HomeCharles DickensGeorge Silverman′s Explanation

George Silverman′s Explanation. Charles Dickens

′I am absolutely blessed,′ said my lady, casting up her eyes (and so taking them off me for one moment), ′in having to do with gentlemen who cannot endure an approach to the idea of being mercenary!′ She shivered at the word. ′And now as to the pupil.′

′The -?′ I was quite at a loss.

′Mr. Silverman, you have no idea what she is. She is,′ said my lady, laying her touch upon my coat-sleeve, ′I do verily believe, the most extraordinary girl in this world. Already knows more Greek and Latin than Lady Jane Grey. And taught herself! Has not yet, remember, derived a moment′s advantage from Mr. Silverman′s classical acquirements. To say nothing of mathematics, which she is bent upon becoming versed in, and in which (as I hear from my son and others) Mr. Silverman′s reputation is so deservedly high!′

Under my lady′s eyes I must have lost the clue, I felt persuaded; and yet I did not know where I could have dropped it.

′Adelina,′ said my lady, ′is my only daughter. If I did not feel quite convinced that I am not blinded by a mother′s partiality; unless I was absolutely sure that when you know her, Mr. Silverman, you will esteem it a high and unusual privilege to direct her studies, - I should introduce a mercenary element into this conversation, and ask you on what terms - ′

I entreated my lady to go no further. My lady saw that I was troubled, and did me the honour to comply with my request.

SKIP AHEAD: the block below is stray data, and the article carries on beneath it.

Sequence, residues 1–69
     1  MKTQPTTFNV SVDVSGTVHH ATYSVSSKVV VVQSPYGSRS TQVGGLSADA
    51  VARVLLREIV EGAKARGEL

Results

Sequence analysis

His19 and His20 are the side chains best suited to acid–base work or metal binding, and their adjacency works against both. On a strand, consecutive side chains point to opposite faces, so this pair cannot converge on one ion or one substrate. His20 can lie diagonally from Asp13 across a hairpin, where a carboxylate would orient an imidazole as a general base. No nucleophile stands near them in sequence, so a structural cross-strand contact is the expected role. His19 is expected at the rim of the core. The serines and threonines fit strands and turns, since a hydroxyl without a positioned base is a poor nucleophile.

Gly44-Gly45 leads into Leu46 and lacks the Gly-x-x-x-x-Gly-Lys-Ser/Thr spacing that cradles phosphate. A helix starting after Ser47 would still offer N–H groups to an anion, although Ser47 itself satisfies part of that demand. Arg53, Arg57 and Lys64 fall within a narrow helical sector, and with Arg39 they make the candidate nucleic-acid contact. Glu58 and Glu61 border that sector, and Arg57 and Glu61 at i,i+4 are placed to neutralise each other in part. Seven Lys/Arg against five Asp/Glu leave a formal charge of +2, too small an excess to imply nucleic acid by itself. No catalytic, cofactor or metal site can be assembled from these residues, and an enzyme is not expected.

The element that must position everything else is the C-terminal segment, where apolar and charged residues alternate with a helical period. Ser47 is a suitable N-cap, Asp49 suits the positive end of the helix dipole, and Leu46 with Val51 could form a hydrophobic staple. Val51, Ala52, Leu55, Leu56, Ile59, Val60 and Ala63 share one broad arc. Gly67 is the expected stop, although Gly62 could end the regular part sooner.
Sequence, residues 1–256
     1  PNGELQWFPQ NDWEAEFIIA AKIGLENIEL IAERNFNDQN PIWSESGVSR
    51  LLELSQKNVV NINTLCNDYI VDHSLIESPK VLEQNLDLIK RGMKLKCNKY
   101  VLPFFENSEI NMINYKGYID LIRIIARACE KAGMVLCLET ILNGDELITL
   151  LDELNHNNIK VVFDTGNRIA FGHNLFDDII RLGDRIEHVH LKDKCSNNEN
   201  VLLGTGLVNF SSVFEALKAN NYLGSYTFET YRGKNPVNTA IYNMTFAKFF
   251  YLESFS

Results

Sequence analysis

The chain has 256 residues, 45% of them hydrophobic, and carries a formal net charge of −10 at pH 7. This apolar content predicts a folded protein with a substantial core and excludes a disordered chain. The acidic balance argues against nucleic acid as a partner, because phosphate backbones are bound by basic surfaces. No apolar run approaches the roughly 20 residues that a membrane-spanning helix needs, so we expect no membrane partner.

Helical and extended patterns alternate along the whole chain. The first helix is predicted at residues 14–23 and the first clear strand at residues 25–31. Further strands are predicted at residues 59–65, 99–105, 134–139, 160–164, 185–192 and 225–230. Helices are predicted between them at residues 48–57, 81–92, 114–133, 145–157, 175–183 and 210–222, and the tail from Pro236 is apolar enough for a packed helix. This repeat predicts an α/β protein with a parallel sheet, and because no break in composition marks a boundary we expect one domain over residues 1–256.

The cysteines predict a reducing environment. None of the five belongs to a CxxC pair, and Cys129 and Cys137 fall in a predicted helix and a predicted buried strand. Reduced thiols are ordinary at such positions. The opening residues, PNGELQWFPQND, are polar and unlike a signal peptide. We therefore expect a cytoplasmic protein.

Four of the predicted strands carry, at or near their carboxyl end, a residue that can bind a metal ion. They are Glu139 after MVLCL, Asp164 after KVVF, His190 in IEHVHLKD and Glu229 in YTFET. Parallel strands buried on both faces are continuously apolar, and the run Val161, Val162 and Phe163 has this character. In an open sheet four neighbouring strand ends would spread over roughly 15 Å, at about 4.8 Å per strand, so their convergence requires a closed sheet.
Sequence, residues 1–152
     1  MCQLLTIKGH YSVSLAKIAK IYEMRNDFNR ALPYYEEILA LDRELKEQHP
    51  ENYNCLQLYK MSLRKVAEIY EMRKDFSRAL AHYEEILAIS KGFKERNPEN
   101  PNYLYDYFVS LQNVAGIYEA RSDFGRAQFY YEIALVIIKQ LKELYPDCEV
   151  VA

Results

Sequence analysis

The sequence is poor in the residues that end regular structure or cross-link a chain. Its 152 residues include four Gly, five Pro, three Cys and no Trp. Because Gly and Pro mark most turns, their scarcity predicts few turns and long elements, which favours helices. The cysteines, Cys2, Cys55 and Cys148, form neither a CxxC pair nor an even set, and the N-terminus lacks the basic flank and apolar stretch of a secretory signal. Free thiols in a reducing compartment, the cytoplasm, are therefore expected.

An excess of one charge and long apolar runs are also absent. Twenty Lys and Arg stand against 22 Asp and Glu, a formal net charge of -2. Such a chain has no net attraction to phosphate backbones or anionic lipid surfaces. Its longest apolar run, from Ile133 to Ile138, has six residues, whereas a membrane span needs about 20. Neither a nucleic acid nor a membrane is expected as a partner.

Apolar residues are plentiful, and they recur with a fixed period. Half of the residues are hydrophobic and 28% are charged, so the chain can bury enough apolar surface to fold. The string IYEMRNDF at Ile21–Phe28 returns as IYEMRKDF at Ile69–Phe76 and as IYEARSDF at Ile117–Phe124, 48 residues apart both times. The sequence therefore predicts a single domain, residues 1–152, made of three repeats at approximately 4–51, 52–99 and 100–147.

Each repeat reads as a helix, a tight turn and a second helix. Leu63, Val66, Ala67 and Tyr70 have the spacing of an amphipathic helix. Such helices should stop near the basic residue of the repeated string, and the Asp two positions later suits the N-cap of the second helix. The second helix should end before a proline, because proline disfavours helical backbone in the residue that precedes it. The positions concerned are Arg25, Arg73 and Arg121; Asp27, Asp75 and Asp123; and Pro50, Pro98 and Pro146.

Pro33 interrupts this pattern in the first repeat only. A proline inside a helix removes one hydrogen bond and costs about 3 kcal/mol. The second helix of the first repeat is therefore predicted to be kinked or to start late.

EIGHTH CHAPTER

EVERYTHING in mental acquisition that her brother might have been, if he would, and everything in all gracious charms and admirable qualities that no one but herself could be, - this was Adelina.

I will not expatiate upon her beauty; I will not expatiate upon her intelligence, her quickness of perception, her powers of memory, her sweet consideration, from the first moment, for the slow-paced tutor who ministered to her wonderful gifts. I was thirty then; I am over sixty now: she is ever present to me in these hours as she was in those, bright and beautiful and young, wise and fanciful and good.

When I discovered that I loved her, how can I say? In the first day? in the first week? in the first month? Impossible to trace. If I be (as I am) unable to represent to myself any previous period of my life as quite separable from her attracting power, how can I answer for this one detail?

Whensoever I made the discovery, it laid a heavy burden on me. And yet, comparing it with the far heavier burden that I afterwards took up, it does not seem to me now to have been very hard to bear. In the knowledge that I did love her, and that I should love her while my life lasted, and that I was ever to hide my secret deep in my own breast, and she was never to find it, there was a kind of sustaining joy or pride, or comfort, mingled with my pain.

But later on, - say, a year later on, - when I made another discovery, then indeed my suffering and my struggle were strong. That other discovery was -

These words will never see the light, if ever, until my heart is dust; until her bright spirit has returned to the regions of which, when imprisoned here, it surely retained some unusual glimpse of remembrance; until all the pulses that ever beat around us shall have long been quiet; until all the fruits of all the tiny victories and defeats achieved in our little breasts shall have withered away. That discovery was that she loved me.

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